Shooting an Elephant Questions and Answers
by George Orwell

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Shooting An Elephant Thesis

What is the thesis of George Orwell's "Shooting an Elephant"?

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Essays present theses. Narrative essays--describing a personal experience or a personally witnessed event--contain theses; they have a purpose and make a point. The thesis in Orwell's narrative essay "Shooting an Elephant" is complex and goes far beyond being a statement of anti-imperialism or a statement of violently ambiguous personal emotions. Orwell's thesis can be paraphrased as stating that imperialism tears apart and out the heart and soul of both peoples--the oppressors' heart and soul and the oppressed's--and is well encapsulated in the following long quotation that both ends his background introduction (necessary to establish time, place and mood) and leads into the heart of his narration: 

All I knew was that I was stuck between my hatred of the empire I served and my rage against the evil-spirited little beasts who tried to make my job impossible. With one part of my mind I thought of the British Raj as an unbreakable tyranny, as something clamped down, in saecula saeculorum, upon the will of prostrate peoples; with another part I thought that the greatest joy in the world would be to drive a bayonet into a Buddhist priest's guts. Feelings like these are the normal by-products of imperialism; ask any Anglo-Indian official, if you can catch him off duty.

First: Some say that narrative essays ought not to have an introduction. However, in a narrative essay like this one, framing the background to establish setting and mood is critical: the suspenseful and emotional impact of the conclusion (of the point) would be weaker--less gripping--without the orientation to how, where, when and why. 

Second: In the quotation above, Orwell (born Eric A. Blair in Mohitari, India, in 1903 to British civil servants) uses a Latin phrase common in religious choral music: in saecula saeculorum, which is a Latin colloquialism (idiomatic expression) that gives the sense of "unto ages of ages." Orwell uses this religious expression to show that, with part of his mind (with "one part of my mind"), he views British imperialism as immutable, as everlasting, as something existing "unto ages of ages," ironically while not even knowing "that the British Empire [was] dying."

Third: The feelings Orwell means in "[f]eelings like these" are all the sets of feelings he is torn by. One feeling is that he hates the empire he serves. Another feeling is that the British Empire is tantamount to a holy thing (as suggested by the religious allusion to in saecula saeculorum) without beginning or end, lasting "unto ages of ages." Imagine the inner conflict from hating that which is felt to be immutable.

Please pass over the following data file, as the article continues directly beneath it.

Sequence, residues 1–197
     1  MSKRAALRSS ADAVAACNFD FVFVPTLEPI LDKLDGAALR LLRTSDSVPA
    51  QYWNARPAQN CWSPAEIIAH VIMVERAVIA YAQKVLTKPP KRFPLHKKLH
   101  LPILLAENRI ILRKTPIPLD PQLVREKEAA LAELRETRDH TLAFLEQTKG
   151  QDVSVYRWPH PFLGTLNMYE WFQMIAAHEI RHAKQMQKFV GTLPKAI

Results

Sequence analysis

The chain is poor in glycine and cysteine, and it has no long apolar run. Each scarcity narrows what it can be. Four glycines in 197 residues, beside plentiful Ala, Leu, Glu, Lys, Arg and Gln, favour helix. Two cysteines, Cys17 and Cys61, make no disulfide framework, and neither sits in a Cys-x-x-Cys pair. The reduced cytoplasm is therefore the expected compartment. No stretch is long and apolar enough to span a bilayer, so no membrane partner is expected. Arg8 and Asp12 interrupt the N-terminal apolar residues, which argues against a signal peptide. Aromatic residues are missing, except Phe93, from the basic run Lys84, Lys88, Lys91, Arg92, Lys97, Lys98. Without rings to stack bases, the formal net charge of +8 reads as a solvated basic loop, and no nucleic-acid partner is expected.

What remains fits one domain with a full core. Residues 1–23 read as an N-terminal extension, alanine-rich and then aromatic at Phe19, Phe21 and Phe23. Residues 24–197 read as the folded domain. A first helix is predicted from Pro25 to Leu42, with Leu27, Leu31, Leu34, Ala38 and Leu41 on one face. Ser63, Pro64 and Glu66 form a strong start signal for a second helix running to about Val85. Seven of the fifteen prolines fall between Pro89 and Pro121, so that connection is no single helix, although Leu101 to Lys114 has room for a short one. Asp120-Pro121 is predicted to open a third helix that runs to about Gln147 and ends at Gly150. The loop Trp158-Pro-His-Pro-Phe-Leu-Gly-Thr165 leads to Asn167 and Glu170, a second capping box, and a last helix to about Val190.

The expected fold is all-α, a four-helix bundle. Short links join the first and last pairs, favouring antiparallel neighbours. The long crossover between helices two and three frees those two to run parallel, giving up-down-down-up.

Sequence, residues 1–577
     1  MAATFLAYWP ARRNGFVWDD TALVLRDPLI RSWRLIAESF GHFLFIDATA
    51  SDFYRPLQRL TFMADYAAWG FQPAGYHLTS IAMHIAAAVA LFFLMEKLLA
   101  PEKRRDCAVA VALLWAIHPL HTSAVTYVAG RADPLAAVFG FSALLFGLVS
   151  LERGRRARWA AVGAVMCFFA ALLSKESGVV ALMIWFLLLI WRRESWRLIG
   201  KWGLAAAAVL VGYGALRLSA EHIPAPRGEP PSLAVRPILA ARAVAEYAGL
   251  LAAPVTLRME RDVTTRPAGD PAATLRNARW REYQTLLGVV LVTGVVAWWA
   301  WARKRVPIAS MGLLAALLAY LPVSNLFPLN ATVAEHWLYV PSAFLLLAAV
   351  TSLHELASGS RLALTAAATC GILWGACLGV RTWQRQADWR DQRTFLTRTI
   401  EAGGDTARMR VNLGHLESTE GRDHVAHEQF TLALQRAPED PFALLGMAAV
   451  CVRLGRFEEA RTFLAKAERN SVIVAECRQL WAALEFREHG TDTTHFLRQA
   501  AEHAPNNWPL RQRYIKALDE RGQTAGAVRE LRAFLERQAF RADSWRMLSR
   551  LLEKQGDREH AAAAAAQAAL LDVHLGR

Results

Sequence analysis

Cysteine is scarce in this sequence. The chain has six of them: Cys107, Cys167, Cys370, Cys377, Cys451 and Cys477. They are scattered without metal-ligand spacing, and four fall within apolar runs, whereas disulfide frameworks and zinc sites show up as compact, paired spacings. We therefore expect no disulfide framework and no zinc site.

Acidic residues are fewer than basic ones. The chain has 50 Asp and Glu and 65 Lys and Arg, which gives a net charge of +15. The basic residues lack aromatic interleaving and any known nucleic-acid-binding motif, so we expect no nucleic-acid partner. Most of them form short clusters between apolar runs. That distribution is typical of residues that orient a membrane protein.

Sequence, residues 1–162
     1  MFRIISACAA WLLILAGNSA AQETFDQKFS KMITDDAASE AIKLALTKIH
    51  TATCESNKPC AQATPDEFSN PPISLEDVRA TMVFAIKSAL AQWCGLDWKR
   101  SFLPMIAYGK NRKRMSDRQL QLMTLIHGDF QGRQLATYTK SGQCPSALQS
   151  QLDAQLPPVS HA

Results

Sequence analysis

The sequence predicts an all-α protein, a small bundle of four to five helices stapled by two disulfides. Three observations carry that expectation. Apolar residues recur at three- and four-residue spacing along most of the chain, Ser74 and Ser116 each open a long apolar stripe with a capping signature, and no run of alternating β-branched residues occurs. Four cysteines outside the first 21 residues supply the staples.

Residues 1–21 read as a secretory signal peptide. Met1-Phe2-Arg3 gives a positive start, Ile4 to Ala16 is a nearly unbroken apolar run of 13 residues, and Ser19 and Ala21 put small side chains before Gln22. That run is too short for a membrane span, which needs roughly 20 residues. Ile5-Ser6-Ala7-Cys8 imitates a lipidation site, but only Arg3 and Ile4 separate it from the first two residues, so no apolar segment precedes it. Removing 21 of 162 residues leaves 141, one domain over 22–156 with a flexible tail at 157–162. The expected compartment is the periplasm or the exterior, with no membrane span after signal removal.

Another feeling is that he favors the Burmese impulse toward daily protest of "anti-European feeling" against British occupation: "Theoretically — and secretly, of course — I was all for the Burmese." Another feeling is that he bitterly hates his job in the British police: "I hated it more bitterly than I can perhaps make clear." His feeling here is paralleled to the Burmese hatred of the British:...

(The entire section contains 7 answers and 2,004 words.)

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epollock | Student

anjames1989,

Orwell's widely anthologized non-fiction essay "Shooting an Elephant" has an implied thesis: “Imperialistic rulers must behave so as not to lose face or power over the populace, even if it means doing something against their better judgment.”

Orwell felt pressured by the people, almost overwhelmed by their power over him through their mere presence. In theory, he explains at the start of the selection, he “was all for the Burmese and all against their oppressors, the British” (2). But, in reality, Orwell says, he felt the common people of the country were “evil-spirited little beasts who tried to make my job impossible” (2).

During the shooting incident the people were “happy and excited,” and they watched him “as they would a conjurer about to perform a trick.” He resentfully saw himself as having to spend his life “trying to impress the ‘natives’” (7). He reports later that, as he fired a shot, the crowd emitted a “devilish roar of glee” (11). His choice of words shows that he resented and disliked the Burmese.

Orwell shoots the elephant because the two thousand native people standing behind him expect him to. They want vengeance for the man it killed, the meat the carcass will provide, and the entertainment of watching the shooting. “The people expected it of me and I had got to do it” (7), he writes. There is an implication that if he decided not to shoot the elephant, both he and the British empire would suffer a loss of prestige, but the main concern in Orwell’s mind is the “long struggle not to be laughed at” (7). He is even afraid to “test” the animal’s mood by going closer for fear it might attack and kill him before he could shoot, thus giving the crowd a sight it would enjoy as much as the slaughter of the beast.

Despotic governments result from the need to maintain power over subtly resistant people. Such a government can rule only by fulfilling the people’s expectations and responding to every crisis with the expected force. Orwell points to the irony that he stood armed in front of an unarmed crowd, yet he was powerless to do as he wished or as his judgment told him. Instead, he felt himself “an absurd puppet pushed to and fro by the will of those yellow faces behind” (7).

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